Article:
One of my readers sent me an article recently from ABC in Australia. It was about research being undertaken by a PHD student - Ashlea Bartram - at the University of Adelaide into drinking habits of over 25's.
Ashlea says that "drinking is, for many people, something that is very ingrained in their social life, something they tend to do with friends and it has a lot of meaning attached to it... to celebrate, to commiserate, to mark achievements." (Don't we know it?!)
"To not drink risks losing all those meanings that we attached to the drinking. You're rejecting not just the drink, but the celebration and all the experiences."
One of her interviewees backs this up: "I drink very little alcohol in relation to my friends and I get the sense they feel I'm judging them when they get boozy, that I'm taking the high moral ground or something."
Ashlea found that, in many cases, the solution people found to this social dilemma was to fake it.
"As someone who doesn't drink, I find it easier at social functions now to just have a red wine that I hold," said one interviewee. "No-one notices that you don't actually drink it, but they notice and go on and on if you don't have one in your hand."
There was another article in The Times and The Sun in the UK recently, under the headline Sobriety's taken me by surprise...and it feels great (click here for full article) in which journalist Daisy Goodwin talks about quitting the 'lady petrol'.
(Co-incidentally, Daisy was, like me, diagnosed with breast cancer a few months after she quit. She says she is incredibly grateful that she was sober when she got the diagnosis, because "I am quite sure that otherwise, my reaction would have been to anaesthetise myself.")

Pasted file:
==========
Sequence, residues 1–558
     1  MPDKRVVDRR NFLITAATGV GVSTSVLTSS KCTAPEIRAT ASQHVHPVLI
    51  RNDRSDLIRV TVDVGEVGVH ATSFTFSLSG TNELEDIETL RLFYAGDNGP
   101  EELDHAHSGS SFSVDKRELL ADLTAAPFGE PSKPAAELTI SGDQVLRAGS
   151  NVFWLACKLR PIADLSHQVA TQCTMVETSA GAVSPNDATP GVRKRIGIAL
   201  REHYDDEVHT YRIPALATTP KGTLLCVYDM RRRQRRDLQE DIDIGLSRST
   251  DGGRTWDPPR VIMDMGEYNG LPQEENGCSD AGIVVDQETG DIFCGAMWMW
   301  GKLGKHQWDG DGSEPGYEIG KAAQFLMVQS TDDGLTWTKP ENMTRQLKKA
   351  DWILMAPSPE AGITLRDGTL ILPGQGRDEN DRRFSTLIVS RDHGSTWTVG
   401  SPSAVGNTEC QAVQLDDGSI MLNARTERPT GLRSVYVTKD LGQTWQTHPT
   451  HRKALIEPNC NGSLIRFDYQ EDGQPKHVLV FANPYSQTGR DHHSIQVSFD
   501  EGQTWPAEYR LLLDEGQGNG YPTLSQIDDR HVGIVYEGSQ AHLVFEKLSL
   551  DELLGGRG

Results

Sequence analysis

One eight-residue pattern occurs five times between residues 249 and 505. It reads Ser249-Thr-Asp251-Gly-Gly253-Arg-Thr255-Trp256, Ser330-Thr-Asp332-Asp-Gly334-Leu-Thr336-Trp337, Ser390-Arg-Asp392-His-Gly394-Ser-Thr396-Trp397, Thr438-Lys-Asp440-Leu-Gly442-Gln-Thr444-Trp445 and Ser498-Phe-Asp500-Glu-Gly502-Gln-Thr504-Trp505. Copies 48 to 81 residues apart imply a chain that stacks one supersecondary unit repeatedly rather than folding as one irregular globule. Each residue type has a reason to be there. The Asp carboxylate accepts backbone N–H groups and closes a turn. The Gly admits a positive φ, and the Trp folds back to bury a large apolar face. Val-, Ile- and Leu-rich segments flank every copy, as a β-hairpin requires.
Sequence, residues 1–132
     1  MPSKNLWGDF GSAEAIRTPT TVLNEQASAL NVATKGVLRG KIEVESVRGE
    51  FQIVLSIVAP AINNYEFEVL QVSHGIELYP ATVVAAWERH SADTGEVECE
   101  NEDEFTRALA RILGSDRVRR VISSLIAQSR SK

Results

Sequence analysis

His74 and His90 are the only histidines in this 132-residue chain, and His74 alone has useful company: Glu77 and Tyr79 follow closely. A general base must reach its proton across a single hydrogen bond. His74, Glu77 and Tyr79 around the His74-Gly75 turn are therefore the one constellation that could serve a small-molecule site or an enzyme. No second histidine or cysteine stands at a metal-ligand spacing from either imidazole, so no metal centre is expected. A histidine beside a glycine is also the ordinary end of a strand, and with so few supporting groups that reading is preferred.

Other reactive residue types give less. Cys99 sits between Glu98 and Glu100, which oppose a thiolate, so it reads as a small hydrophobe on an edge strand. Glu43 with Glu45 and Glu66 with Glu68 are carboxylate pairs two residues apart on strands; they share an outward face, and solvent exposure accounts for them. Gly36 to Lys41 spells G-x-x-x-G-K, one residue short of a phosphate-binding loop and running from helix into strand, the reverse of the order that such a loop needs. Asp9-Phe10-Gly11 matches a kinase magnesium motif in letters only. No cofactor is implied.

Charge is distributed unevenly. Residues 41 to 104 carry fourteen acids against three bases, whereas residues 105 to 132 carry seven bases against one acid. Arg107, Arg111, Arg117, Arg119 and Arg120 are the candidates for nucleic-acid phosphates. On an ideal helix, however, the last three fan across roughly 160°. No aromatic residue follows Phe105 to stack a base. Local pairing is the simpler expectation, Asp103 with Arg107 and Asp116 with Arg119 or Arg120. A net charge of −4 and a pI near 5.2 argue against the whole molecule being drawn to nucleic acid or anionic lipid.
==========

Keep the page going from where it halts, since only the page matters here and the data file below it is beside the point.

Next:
At the end of the article, Daisy prints some 'teetotal tips', one of which is: DON’T TELL PEOPLE YOU HAVE GIVEN UP - I usually nurse a glass of champagne. Non-drinkers make drinkers uncomfortable – better to practise some deception.
Now, Daisy only quit three months ago, and I get the impression reading her article that she's still at the 'parties are really hard work, and I'm not sure I'll ever enjoy them again' stage.
I've been there. But I do feel that I'm coming out the other side. I'm loving parties again, though in a different way from before.
Instead of buzzing round the room in a blur, talking to no-one for more than ten minutes, I find a few old friends, or new people who look fascinating, and have a really good chat (which I remember in detail the next day. Who knew?).
Even so, I do totally get the fake drinking thing. At dinner parties I let people fill up my wine glass. At drinks parties I choose drinks that look alcoholic. Not because I'm embarrassed about not drinking, but because other people get totally hung up on it. It becomes the only thing you're able to talk about.
And I know what they're thinking. I know because it's what I used to think. It goes like this: Oh God I'm sitting next to the TEETOTALLER. This is going to be really HARD WORK. They'll be no fun. I'll have to have a SERIOUS CONVERSATION. They'll judge me. Am I slurring? Beam me up, Scotty!
So I fake it. And no-one knows I'm not drinking (unless I choose to tell them). I don't have to talk about it, or defend myself. They don't think I'm dull, worthy or judgemental (I hope). Problem solved.
But isn't it ridiculous?!?
Imagine a situation at a party where you felt you had to hold a cigarette in order to make the smokers feel more comfortable! Or pretend to eat a deep fried Mars Bar so as to make the morbidly obese person next to you less self conscious.
It's not our problem, it's theirs!
I wonder whether, or when, not drinking will start to be seen as a perfectly valid and normal lifestyle choice that can be embraced and celebrated rather than disguised.
Perhaps we can make it happen, my friends.